Your tax dollars are hard at work again, this time being put to use examining “microaggressions.”
For the readers fortunate to have not yet been exposed to the macro-insanity of “microaggressions,” according to RationalWiki, “A microaggression is a relatively minor act of bigotry or discrimination, usually unconscious or unintended, against a minority, a marginalised group, or an individual belonging to a marginalised group.”
Examples include asking people where they’re from, the phrase “I believe the most qualified worker should get the job,” the term “illegal alien,” and thousands of other things you wouldn’t even believe.
Prepare to pony up for research into this nonsense. There’s no market for this kind of “research” in the real world, so you can bet that government is going to be funding it. As Reason reports:
The University of Michigan is conducting a study on male engineering students to determine whether their unconscious biases—microaggressions—are driving women out of the field. The study is funded via the National Science Foundation, which means taxpayers coughed up more than $500,000 for it.
Men are more likely than women to go into engineering, and researchers want to know if sexism plays a role in that. This study involves male engineering students being recorded while they interact with their female counterparts.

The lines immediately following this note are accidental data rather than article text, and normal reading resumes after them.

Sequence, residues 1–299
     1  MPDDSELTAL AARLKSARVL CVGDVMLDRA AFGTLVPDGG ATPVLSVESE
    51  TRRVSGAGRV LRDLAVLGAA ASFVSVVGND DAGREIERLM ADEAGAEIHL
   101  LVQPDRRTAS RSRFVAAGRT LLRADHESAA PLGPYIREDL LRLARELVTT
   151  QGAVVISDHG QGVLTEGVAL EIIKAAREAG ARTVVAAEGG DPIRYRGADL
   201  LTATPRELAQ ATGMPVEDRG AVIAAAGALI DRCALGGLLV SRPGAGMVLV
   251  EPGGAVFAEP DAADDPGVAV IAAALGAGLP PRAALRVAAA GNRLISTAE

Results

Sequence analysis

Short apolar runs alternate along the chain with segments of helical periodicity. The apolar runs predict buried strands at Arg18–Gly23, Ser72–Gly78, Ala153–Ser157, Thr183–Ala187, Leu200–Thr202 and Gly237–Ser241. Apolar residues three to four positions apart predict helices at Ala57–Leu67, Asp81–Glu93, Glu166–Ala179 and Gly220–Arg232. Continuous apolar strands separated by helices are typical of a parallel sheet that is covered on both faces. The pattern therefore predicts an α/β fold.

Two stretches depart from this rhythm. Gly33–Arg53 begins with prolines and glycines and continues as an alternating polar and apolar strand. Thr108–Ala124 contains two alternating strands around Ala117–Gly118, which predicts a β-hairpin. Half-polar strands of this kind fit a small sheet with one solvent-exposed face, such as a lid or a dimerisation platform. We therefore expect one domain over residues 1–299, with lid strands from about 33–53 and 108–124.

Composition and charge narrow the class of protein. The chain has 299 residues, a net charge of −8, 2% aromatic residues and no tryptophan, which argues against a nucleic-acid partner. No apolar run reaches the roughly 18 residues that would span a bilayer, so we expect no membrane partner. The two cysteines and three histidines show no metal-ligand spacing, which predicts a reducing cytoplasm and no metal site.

One study that comes to mind was one reported on in the New York Times in 2014. Columnist Catherine Rampell points out that ” The majority of new college grads are female, yet women receive only 29 percent of bachelor’s degrees in economics each year.” Why? Because women are more likely than men to drop the major after receiving B’s in introductory economics courses.
If men are less likely to drop majors where they receive low grades, and since vigorous majors in the STEM category have the lowest average GPAs, it should be clear why there are more men in those fields. No additional research needed.
The abstract states:
The goal of Study One is to identify the specific types of microaggressions (e.g., ignoring women’s contributions or assigning women to less important tasks) occurring in videotaped laboratory-based engineering teams. Researchers will develop a reliable microaggressions assessment procedure, and will analyze effects on engineering outcomes (learning, performance, and persistence). In Study Two, the lab-based data will be supplemented with qualitative data reported by students who previously participated in an engineering student group project, via student focus groups. Study Three will examine the influence of microaggressions occurring in class-based teams on engineering outcomes over time.
Heck, for $500,000, I’d “research” this stuff!
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